At the public-comment section of the UCI meeting, Jonathan Parfrey, executive director of the Nobel Prize-winning Physicians for Social Responsibility (PSR), warned the BEIR panel that its failure to include scientists who believe U.S. radiation health-risk standards are already too low could constitute a violation of the Federal Advisory Committee Act, which requires balance of membership, openness to the public and avoidance of conflicts of interest. Parfrey told the BEIR committee that PSR would prefer to "appeal to the better angels of your nature so that you pursue a course that protects public health."
Parfrey's statements didn't go over well among some committee members, a few of whom gasped and groaned in reaction to his allegation that the panel was biased. Particularly upset was Cardis, who asserted that she was "very puzzled and very shocked" by PSR's allegations, claiming that she is a former member of PSR. "I don't know where your information is coming from," she exclaimed. "We are just as concerned as you are about the harmful effects of radiation, and I think we're being unjustly accused."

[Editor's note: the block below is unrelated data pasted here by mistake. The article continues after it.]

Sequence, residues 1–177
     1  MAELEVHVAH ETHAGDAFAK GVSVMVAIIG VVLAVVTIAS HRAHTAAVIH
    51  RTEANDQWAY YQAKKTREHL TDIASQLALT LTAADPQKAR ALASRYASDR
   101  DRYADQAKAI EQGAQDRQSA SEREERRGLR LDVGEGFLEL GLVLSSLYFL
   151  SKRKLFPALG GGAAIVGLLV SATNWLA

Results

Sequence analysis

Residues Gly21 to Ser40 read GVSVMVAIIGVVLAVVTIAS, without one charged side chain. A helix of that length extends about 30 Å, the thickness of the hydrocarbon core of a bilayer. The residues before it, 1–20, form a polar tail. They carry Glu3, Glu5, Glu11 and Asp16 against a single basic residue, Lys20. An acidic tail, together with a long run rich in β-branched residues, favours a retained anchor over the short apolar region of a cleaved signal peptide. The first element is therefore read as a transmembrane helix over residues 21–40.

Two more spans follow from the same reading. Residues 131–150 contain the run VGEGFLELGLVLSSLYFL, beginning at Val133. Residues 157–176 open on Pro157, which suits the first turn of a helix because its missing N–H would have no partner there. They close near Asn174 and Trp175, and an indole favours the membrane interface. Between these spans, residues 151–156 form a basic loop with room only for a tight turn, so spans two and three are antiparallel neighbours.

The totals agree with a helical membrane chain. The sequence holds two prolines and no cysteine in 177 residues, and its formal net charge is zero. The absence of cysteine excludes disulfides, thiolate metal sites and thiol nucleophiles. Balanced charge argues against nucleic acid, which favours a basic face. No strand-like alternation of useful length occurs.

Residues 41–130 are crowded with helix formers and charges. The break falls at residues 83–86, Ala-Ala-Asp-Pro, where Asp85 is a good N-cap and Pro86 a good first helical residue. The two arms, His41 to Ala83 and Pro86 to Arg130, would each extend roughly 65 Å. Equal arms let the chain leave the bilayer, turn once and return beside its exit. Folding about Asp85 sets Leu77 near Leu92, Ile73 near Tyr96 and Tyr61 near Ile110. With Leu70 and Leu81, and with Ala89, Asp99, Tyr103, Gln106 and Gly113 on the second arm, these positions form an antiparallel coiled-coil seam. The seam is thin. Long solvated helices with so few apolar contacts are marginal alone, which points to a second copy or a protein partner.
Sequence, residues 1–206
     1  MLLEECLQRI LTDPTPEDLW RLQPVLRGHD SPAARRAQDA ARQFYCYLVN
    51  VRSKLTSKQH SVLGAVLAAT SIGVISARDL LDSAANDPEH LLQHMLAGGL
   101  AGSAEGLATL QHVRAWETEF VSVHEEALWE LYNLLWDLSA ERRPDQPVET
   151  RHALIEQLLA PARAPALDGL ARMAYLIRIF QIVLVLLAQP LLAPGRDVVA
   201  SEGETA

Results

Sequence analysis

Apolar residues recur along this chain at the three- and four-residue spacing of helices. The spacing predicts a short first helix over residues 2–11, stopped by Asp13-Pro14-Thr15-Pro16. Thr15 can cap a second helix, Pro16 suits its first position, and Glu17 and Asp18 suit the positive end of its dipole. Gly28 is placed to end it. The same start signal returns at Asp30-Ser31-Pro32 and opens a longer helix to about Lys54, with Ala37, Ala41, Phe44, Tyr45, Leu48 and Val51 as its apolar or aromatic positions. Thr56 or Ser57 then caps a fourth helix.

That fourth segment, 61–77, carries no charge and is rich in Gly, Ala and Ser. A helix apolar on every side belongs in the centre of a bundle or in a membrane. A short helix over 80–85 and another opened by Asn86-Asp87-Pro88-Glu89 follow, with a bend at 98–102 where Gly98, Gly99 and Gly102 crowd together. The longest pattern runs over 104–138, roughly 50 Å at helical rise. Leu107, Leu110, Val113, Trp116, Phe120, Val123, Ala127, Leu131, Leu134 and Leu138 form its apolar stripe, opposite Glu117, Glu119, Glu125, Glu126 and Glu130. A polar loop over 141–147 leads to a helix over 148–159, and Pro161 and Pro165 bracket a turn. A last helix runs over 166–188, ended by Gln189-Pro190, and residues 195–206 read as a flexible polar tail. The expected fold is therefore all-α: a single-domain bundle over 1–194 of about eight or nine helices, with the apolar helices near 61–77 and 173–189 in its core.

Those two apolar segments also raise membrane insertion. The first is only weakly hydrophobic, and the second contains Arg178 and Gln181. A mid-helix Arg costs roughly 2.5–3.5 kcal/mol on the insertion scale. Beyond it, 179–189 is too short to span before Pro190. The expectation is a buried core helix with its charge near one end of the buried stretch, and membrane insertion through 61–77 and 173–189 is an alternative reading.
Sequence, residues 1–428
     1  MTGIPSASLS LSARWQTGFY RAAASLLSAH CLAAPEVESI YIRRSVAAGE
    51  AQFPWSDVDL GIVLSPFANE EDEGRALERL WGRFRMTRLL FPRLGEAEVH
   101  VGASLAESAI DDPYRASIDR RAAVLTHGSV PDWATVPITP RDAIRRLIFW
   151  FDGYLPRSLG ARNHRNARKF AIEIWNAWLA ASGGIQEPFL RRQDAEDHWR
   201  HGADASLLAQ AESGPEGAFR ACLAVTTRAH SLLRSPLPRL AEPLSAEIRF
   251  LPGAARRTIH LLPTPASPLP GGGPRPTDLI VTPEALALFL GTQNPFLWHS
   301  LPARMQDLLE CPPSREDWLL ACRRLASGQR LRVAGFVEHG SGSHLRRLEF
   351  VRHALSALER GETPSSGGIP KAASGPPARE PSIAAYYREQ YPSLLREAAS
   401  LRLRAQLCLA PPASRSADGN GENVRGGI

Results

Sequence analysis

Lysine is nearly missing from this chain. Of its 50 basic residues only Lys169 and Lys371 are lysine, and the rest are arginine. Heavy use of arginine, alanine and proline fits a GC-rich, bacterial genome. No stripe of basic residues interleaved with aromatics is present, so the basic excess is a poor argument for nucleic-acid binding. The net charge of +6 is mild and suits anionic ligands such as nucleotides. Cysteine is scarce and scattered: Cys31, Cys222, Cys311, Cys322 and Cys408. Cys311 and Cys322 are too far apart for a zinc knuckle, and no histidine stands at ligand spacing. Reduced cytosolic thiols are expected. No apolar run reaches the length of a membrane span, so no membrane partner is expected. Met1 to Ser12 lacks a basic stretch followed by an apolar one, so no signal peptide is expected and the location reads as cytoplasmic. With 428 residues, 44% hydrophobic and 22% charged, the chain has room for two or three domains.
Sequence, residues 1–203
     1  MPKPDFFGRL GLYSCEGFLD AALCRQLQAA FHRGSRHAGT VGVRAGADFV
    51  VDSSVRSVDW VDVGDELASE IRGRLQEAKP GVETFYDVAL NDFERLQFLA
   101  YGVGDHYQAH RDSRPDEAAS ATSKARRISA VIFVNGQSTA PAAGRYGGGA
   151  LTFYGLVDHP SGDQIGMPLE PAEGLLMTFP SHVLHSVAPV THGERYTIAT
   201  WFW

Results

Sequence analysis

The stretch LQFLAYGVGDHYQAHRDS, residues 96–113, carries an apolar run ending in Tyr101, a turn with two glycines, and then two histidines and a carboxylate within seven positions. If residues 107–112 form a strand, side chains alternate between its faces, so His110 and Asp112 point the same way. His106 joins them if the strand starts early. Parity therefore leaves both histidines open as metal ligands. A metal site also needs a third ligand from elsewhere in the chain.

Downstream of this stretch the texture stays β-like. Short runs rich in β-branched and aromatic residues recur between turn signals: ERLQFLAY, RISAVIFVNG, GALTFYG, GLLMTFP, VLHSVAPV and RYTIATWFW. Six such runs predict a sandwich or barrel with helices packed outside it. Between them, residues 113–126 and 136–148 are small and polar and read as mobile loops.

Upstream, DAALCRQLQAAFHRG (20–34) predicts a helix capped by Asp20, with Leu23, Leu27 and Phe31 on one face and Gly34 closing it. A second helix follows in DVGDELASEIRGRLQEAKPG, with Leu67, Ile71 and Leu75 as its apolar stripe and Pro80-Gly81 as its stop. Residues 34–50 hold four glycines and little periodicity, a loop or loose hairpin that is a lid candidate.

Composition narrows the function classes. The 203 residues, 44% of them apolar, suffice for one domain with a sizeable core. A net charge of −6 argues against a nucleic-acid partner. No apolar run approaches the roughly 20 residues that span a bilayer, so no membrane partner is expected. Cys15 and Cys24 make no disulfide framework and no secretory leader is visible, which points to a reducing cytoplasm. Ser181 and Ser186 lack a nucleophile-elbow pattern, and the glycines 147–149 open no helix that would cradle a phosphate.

Several other activists also showed up at UCI to register their protests. Marion Pack of the Orange County Alliance for Survival and Alan White, an executive council member of the OC Green Party, read statements and submitted letters blasting the NAS for inviting only scientists from one side of a very important debate.
"We do not approve of this or any other scientific proceeding in which knowledgeable people are excluded," Campbell told committee members. "I am at a loss as to why you do not have the courage to say that you will not serve on this panel unless these other scientists are included. This is your debt to science and to your conscience."